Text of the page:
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Study: TRIA Shielding Taxpayers from Billions in Loss Exposure

04/10/2014 | By Allen Kenney

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Absent the Terrorism Risk Insurance Act (TRIA), another terrorist attack along the lines of Sept. 11 could cost U.S. taxpayers as much as $7 billion to cover uninsured losses, according to a study released April 10 by the RAND Corporation.

Meanwhile, a bipartisan group of senators announced a deal on legislation to extend TRIA beyond its current expiration date at the end of 2014. Sens. Charles Schumer (D-NY), Dean Heller (R-NV), Mark Kirk (R-IL) and Jack Reed (D-RI) said April 10 that they had reach an agreement on a bill that would extend the program until 2021.

“Redevelopment and economic growth should be encouraged in New York and other high-risk areas across the country, even in the face of unfathomable terrorist events, and I will work with my colleagues to get TRIA passed this year to preserve this essential tool,” Schumer said.

Advocates for the bill’s extension cited the RAND study as evidence of the need for its extension.

“The RAND study further demonstrates that terrorism risk insurance is an indispensable economic backstop that protects taxpayers and the American economy,” said Marty DePoy, spokesperson for the Coalition to Insure Against Terrorism (CIAT). “Congress must work quickly to reauthorize TRIA.”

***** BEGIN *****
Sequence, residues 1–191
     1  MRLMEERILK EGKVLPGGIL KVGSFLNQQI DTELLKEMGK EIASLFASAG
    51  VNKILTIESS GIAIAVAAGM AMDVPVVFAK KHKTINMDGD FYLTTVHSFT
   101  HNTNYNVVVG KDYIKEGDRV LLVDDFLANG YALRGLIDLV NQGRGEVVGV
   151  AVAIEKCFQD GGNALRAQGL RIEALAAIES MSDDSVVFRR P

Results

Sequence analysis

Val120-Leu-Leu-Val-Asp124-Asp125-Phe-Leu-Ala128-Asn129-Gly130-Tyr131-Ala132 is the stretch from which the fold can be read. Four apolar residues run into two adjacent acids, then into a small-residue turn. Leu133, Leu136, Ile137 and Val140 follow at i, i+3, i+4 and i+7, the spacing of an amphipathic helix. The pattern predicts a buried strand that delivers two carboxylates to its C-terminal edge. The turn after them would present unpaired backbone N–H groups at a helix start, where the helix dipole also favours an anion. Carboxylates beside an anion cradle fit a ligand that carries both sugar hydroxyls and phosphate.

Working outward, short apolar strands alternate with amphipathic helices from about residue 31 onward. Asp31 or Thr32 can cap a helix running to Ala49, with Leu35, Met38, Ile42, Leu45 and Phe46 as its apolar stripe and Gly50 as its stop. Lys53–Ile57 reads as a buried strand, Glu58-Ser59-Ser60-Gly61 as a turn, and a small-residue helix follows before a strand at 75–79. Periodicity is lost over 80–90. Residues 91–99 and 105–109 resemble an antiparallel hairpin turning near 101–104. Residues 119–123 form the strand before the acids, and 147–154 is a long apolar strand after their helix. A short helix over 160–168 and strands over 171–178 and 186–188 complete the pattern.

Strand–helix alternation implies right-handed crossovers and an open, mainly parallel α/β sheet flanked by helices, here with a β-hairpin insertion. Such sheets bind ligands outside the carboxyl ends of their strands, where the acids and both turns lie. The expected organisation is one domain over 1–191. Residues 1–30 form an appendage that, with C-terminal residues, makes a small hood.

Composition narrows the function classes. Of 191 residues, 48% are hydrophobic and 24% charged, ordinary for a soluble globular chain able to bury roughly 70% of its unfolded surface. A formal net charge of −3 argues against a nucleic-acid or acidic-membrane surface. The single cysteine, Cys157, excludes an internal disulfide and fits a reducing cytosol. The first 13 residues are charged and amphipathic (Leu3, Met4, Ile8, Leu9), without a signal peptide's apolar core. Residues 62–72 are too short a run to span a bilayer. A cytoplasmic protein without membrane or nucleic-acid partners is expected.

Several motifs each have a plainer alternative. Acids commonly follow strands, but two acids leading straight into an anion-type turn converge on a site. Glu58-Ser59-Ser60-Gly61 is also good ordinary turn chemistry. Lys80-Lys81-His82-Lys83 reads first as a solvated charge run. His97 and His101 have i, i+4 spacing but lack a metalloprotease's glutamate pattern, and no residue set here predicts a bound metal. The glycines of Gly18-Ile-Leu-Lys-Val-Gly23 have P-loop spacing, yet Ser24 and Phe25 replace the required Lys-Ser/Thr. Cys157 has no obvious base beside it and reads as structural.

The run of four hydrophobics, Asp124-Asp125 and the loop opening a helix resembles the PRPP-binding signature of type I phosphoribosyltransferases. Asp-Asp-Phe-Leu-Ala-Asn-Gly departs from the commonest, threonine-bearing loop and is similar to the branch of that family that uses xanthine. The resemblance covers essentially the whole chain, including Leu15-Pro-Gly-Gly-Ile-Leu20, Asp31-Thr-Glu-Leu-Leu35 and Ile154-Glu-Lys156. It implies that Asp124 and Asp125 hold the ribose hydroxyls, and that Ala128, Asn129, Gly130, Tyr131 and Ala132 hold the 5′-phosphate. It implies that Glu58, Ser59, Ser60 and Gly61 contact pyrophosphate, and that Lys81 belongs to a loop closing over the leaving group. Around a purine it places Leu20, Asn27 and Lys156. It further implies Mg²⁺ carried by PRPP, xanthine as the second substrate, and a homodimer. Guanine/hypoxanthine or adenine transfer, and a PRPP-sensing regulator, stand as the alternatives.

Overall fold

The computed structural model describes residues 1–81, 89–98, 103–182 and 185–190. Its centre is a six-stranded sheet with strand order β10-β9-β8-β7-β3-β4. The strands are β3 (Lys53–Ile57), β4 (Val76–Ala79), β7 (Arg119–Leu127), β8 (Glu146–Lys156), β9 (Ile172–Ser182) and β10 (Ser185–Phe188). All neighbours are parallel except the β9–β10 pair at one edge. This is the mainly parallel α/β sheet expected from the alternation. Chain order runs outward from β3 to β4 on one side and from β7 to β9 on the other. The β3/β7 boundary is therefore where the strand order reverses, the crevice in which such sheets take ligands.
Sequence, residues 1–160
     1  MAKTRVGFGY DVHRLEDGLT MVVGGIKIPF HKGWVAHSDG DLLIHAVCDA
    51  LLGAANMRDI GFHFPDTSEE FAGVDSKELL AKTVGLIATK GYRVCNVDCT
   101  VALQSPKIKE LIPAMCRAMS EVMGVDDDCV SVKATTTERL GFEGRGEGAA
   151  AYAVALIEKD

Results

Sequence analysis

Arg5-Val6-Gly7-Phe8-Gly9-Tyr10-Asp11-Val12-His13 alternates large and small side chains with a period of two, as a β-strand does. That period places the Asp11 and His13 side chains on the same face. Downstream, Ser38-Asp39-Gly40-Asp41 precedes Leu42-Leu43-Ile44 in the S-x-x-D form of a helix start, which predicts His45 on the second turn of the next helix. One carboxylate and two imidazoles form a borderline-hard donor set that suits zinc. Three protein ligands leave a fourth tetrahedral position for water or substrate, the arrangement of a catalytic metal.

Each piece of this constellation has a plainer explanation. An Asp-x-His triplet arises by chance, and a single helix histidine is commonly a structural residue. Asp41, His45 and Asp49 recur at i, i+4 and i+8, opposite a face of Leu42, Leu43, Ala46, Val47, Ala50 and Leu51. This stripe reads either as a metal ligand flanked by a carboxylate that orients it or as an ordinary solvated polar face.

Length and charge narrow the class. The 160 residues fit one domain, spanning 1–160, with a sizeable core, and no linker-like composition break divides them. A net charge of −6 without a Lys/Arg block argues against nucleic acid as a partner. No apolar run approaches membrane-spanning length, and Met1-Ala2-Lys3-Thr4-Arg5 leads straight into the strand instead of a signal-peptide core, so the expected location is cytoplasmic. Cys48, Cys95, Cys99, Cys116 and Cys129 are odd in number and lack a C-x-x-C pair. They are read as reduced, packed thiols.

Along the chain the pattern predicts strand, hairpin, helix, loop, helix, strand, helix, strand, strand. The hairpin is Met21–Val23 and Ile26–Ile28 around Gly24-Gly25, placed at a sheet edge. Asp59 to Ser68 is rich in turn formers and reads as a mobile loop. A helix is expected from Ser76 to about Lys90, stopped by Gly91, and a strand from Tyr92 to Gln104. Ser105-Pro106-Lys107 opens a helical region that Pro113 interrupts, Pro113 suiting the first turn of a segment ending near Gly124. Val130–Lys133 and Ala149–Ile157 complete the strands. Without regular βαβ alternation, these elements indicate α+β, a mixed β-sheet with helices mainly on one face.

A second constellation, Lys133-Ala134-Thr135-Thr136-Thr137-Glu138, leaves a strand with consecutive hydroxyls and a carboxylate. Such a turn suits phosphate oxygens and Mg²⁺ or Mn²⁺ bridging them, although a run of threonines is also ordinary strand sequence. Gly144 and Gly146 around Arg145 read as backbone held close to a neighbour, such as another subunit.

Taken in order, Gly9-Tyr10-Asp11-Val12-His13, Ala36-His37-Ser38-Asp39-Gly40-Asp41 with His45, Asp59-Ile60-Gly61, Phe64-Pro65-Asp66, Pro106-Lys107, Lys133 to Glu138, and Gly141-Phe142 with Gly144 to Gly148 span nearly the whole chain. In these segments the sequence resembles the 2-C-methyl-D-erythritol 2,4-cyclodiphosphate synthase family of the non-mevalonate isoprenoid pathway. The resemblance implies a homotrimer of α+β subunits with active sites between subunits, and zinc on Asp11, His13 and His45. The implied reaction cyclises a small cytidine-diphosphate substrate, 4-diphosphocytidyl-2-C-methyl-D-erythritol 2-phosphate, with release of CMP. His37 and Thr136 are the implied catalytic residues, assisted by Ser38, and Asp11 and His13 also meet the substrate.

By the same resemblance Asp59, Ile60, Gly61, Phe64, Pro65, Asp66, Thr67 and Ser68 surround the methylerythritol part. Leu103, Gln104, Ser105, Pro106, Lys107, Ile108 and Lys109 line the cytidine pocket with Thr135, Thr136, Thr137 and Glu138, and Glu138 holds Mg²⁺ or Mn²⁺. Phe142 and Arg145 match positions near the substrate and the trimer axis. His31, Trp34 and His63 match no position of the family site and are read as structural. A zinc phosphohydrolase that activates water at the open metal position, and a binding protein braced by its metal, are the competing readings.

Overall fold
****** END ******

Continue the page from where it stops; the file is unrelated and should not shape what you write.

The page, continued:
CIAT represents a wide range of businesses and other organizations throughout the real estate, manufacturing, utility, construction, transportation, entertainment and retail sectors. NAREIT is a member of the group.

RAND found that eliminating TRIA would not only limit terrorism risk insurance options in the marketplace, but result in higher prices as well. Insurers and reinsurers paid out more than $30 billion in claims following the Sept. 11 attacks. Prior to the enactment of TRIA in 2002, a significant share of insurance providers opted against continuing to offer terrorism insurance. Terrorism risk insurance became more widely available once TRIA was signed into law, and the legislation was reauthorized in 2005 and 2007.

RAND is in the middle of conducting a series of analyses on the impact of TRIA. Last month, the non-profit policy research and analysis firm released a report indicating that TRIA enhances national security by ensuring that terrorism coverage is both available and affordable. Forthcoming research will look into the effect of TRIA on the Workers’ Compensation insurance marketplace.

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